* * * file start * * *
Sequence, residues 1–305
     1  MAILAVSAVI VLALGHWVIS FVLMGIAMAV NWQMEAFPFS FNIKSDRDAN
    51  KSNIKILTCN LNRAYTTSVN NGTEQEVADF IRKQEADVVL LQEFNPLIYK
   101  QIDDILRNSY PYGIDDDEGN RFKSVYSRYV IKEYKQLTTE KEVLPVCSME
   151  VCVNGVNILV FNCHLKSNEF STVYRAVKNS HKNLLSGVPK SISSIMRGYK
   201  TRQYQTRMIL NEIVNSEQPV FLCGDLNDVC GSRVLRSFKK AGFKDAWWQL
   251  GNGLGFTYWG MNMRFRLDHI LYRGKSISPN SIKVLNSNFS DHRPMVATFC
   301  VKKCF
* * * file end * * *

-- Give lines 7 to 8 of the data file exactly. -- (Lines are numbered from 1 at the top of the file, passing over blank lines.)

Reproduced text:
   251  GNGLGFTYWG MNMRFRLDHI LYRGKSISPN SIKVLNSNFS DHRPMVATFC
   301  VKKCF